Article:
The New Has Come

14 For the love of Christ controls us, because we have concluded this: that one has died for all, therefore all have died; 15 and he died for all, that those who live might no longer live for themselves but for him who for their sake died and was raised.

16 From now on, therefore, we regard no one according to the flesh. Even though we once regarded Christ according to the flesh, we regard him thus no longer. 17 Therefore, if anyone is in Christ, he is a new creation. The old has passed away; behold, the new has come. – 2 Corinthians 5:14-17 ESV

4 We were buried therefore with him by baptism into death, in order that, just as Christ was raised from the dead by the glory of the Father, we too might walk in newness of life. – Romans 6:4 ESV

22 …put off your old self, which belongs to your former manner of life and is corrupt through deceitful desires, 23 and to be renewed in the spirit of your minds, 24 and to put on the new self, created after the likeness of God in true righteousness and holiness. – Ephesians 4:22-24 ESV

Paul emphatically claims that those who are in Christ are new creations. Their old way of life, what Paul refers to as the life “according to the flesh” is gone, having been crucified with Christ on the cross. And, according to Paul, this former life of the flesh was marked by a focus on self, but the new life, made possible by Christ’s death and resurrection, is to be focused on His glory.

But what does all this really mean? What’s the practical reality of all this talk of new creations, new life, and the new self? Because as good as it sounds, the fact is, every Christian still wrestles daily with the very real presence of their old self. Paul even commands us to “put off your old self, which belongs to your former manner of life” (Ephesians 4:22 ESV). Yet, he told the Corinthian believers that “the old has passed away” (2 Corinthians 5:17 ESV). Which is it? Is the old self gone or do I have to put it off? If my old self died with Christ on the cross, why does it seem so very much alive and active in my life?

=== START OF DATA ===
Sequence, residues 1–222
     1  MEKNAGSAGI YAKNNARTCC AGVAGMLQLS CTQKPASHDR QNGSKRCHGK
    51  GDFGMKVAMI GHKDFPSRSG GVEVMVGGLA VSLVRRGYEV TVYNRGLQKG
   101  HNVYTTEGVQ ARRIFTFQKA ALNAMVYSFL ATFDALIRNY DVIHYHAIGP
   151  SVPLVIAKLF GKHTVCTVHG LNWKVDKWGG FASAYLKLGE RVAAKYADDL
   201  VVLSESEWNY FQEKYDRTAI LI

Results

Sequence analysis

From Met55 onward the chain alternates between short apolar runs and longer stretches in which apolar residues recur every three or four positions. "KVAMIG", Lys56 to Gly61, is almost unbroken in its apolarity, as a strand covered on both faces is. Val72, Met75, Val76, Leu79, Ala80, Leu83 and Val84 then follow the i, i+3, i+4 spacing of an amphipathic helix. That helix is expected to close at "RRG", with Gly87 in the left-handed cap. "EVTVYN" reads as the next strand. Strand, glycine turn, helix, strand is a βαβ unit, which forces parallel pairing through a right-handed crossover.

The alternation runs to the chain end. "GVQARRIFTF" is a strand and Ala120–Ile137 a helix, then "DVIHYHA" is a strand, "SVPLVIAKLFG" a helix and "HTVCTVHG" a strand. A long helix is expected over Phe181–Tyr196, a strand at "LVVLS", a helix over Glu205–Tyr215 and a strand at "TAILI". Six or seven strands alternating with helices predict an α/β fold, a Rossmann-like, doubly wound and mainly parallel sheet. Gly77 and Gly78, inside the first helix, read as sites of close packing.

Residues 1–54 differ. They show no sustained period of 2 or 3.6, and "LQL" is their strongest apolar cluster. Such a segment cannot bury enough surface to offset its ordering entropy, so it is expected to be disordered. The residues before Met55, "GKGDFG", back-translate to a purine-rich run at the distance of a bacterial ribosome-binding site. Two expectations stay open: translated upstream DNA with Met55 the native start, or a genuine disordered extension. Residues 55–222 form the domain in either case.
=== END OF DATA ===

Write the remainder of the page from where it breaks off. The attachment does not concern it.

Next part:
We tend to read passages like this with a black-and-white, either-or mindset. We hear Paul saying we are new creations and we expect to be able to live like it. When he tells us that the old is gone, we take him at his word and then wonder why it doesn’t seem to be true in our own lives. Which leads us to either question the reliability of Paul’s words or the veracity of our own salvation.

But there’s an important distinction that Paul makes in his letter to the Corinthians. In verse 16 he states, “we have stopped evaluating others from a human point of view” (2 Corinthians 5:16 NLT). The Net Bible translates that verse this way: “from now on we acknowledge no one from an outward human point of view.”

Much of what Paul is saying in these verses has to do with our perspective, the way we view things. As Christians, we are to view life through a different lens than we did before. We have a new, Spirit-enabled way of looking at life, because we have had our spiritual eyes opened to the truth. Prior to coming to faith in Christ, each of us suffered from spiritual blindness, and were incapable of seeing things from a spiritual perspective. Back in chapter four, Paul described the sad state of those outside of Christ.

Satan, who is the god of this world, has blinded the minds of those who don’t believe. They are unable to see the glorious light of the Good News. They don’t understand this message about the glory of Christ, who is the exact likeness of God. – 2 Corinthians 4:4 NLT

Not only are they unable to see the glorious light of the Good News, they can’t see the reality of their own spiritual darkness. They are stuck on a physical plane where all their attention becomes focused on what they can see with their physical eyes. They are relegated to judging life and one another by external criteria alone. But when the Holy Spirit takes up residence in the life of the believer, it’s as if he or she receives the spiritual equivalent of Lasik surgery. Paul describes this spiritual eye surgery this way: